5 Basic Beef Stock Recipes To Complete Your Stock Making Repertoire

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Learn a basic beef stock to complete your stock-making repertoire

Chinese soup stocks are commonly made from pork bones or chicken carcass. But beef bones are also good for stock.

The Chinese usually parboil meats and bones used in soups. This practice is also used for making stocks. The main reason for parboiling bones is that bones may have blood in them. By parboiling the bones for a few minutes, especially with some ginger can remove any unpleasant flavour. 

Browning, borrowed from the West, is another technique to achieve the same results. It also adds more flavour. It is no wonder that beef stock is also known as brown stock in the West. If you have an oven, you might want to try that. 

Common aromatics paired with beef bones in stock making include cinnamon, ginger, peppercorns, coriander and more.

Beef Broth Tips

With other bone broths, parboiling remove most of the scum so by the time you start cooking the bones, the stock will have little scum to remove. With beef broth, parboiling only remove some of the scum. The broth will still contain scum and they need to remove them because leaving them in will affect the flavour. Most recipes instruct to scoop the scum up. I find it is easier to strain the stock when it is cooled instead. 

Another tip is to add a splash of white wine vinegar to the bone broth helps the calcium in the bones to leach out quicker, making the soup more nutritious. 

Beef broth is fatty. You can chill the soup to firm up the fats for easier removal. If you are on a ketogenic diet, then leave it in to up the fat count.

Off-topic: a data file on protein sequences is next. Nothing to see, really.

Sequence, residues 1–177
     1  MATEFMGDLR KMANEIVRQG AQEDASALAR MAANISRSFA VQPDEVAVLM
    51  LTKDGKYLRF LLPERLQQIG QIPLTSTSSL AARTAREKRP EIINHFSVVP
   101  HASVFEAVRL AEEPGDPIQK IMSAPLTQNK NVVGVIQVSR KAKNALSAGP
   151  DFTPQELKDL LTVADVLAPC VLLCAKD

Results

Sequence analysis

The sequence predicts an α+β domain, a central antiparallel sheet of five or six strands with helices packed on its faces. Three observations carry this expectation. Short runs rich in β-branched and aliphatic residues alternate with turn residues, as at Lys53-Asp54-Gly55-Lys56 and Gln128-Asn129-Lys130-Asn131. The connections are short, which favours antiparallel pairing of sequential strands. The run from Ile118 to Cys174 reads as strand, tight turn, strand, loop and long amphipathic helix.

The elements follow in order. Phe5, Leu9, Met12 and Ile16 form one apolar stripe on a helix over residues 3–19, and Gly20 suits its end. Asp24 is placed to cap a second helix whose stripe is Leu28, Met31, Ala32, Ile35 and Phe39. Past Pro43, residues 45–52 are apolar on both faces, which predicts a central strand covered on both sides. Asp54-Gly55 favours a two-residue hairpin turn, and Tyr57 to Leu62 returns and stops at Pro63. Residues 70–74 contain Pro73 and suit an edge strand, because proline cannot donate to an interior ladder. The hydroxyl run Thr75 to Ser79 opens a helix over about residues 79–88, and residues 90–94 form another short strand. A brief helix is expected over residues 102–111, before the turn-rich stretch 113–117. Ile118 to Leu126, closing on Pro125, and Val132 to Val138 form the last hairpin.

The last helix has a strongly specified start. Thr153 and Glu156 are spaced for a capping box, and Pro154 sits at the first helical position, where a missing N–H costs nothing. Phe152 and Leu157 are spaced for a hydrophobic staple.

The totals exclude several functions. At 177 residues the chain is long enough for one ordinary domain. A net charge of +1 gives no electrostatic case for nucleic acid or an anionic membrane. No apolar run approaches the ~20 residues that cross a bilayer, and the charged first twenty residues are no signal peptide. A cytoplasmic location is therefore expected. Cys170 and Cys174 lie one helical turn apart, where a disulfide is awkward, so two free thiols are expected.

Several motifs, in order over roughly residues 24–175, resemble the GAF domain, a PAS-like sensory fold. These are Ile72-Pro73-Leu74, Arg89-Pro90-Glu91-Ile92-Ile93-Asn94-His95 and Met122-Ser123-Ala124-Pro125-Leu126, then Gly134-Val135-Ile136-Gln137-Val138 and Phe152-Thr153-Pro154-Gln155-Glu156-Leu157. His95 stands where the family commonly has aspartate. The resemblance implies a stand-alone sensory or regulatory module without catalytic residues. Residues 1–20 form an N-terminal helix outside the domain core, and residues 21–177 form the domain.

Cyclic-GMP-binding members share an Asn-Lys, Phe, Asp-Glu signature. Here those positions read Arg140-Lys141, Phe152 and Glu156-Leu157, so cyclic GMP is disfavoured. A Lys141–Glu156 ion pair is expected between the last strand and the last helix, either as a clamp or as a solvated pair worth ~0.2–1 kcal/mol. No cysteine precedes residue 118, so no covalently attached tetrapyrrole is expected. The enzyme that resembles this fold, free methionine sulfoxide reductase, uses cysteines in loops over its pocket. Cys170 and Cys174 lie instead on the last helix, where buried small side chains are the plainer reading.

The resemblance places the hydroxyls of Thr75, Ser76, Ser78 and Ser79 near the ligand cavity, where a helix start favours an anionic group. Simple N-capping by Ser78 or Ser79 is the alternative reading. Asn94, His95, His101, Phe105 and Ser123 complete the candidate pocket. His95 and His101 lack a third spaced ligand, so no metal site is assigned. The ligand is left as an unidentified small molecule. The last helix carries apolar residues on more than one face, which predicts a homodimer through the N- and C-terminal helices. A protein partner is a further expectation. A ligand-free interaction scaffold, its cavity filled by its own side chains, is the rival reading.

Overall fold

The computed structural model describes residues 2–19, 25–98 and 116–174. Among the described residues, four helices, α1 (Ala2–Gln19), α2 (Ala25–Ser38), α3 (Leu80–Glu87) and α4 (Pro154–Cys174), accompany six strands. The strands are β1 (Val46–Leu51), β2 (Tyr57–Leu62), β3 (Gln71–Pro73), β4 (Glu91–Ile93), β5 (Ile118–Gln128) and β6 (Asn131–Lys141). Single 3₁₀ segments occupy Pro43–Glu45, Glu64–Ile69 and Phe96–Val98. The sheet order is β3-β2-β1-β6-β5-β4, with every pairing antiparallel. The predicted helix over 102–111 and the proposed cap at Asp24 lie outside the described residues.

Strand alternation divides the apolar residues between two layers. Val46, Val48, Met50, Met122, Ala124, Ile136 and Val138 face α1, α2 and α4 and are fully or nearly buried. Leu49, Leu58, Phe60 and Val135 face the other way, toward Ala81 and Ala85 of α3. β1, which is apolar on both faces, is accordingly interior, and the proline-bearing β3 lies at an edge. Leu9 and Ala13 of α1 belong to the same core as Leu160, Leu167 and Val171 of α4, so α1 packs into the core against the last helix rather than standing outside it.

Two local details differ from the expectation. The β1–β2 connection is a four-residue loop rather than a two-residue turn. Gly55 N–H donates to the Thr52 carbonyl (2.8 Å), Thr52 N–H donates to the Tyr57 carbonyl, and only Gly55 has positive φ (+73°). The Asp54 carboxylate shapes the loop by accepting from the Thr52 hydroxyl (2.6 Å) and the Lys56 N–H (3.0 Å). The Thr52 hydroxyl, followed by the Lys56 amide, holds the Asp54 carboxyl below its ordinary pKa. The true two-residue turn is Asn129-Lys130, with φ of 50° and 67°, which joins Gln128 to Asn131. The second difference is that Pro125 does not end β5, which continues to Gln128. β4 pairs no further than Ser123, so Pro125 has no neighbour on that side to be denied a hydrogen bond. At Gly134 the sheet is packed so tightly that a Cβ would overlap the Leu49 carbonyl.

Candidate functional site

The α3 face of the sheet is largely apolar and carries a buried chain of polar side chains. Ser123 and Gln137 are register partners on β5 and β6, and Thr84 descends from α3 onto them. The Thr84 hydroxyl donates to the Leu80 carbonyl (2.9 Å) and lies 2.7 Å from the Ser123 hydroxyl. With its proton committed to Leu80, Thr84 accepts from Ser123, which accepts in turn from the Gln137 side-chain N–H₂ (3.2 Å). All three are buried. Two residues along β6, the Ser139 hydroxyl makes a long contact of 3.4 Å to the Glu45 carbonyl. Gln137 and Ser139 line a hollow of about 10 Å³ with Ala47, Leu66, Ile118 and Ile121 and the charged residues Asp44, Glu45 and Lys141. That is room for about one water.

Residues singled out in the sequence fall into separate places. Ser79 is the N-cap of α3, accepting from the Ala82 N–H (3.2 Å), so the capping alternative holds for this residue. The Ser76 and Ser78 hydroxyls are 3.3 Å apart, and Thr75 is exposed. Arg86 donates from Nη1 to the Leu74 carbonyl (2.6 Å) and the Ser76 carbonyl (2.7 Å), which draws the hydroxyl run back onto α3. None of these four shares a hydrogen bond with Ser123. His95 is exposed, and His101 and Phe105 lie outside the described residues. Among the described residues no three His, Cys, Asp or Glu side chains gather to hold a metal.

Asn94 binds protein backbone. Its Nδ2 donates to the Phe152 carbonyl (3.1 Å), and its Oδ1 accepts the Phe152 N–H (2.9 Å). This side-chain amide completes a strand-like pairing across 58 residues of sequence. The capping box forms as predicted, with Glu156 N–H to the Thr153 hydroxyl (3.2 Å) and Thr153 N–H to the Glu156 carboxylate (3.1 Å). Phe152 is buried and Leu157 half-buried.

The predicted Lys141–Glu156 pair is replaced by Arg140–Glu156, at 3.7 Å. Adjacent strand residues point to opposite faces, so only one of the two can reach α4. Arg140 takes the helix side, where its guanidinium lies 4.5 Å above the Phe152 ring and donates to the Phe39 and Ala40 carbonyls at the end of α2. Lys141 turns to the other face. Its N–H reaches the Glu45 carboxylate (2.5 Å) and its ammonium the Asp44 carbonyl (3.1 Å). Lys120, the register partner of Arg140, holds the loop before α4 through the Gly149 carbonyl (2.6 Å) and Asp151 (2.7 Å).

Pressure Cooker or Slow Cooker?

Some recipes I come across recommend using the pressure cooker to speed up the cooking process. That's a good idea if you have one at home. 

The other school recommends going slow by using the slow cooker. Some recipes recommend cooking for up to 2 days. That's really long. 

Both approaches are fine. It depends on your preference and whether you have the equipment. 

I do recommend that if you intend to go slow, only add bones and spices. Nothing else. I can't face mushy vegetables. 

Beef bones do take some time to cook down. The recipes here take mostly 4 hours. 

Beef Stock Recipes

Recipe 1. A beef stock light and milky

This recipe produces a light soup base. The stock may become milky because of the calcium from the bones.

Ingredients

  • 3 kg beef bones
  • 1 kg beef
  • 10 litres of water
  • 200g ginger
  • 2 stalks of spring onions
  • 10g cinnamon

Directions

  1. Wash the beef bones and meat
  2. Parboil the beef bones and meat. Trim off any fats
  3. Bring the water to a boil
  4. Place the beef bones and meat at the bottom of the pot with the ginger and spring onion
  5. Bring the water back to a boil
  6. Lower the heat to a slow simmer and cook for 4 hours 
  7. Remove the ingredients and strain the beef soup stock
  8. Use it as you like or store it for later use

Recipe 2. Baked beef stock recipe

This recipe produces a brown stock with a strong flavor and dark colour because the beef bones and vegetables are baked first. Strictly speaking, this isn’t a Chinese recipe but if you do have an oven at home, why not give it a try?

Ingredients

  • 1 kg beef bones
  • 1 onion
  • 1/2 carrot
  • 1/2 radish
  • 2 stalk celery
  • 5 litres water
  • 1/2 cup cooking wine

Directions

  1. Rinse the beef bones
  2. Wash and cut the onion, carrot, radish, and celery into big chunks
  3. Lay the cut vegetables on a baking sheet or tray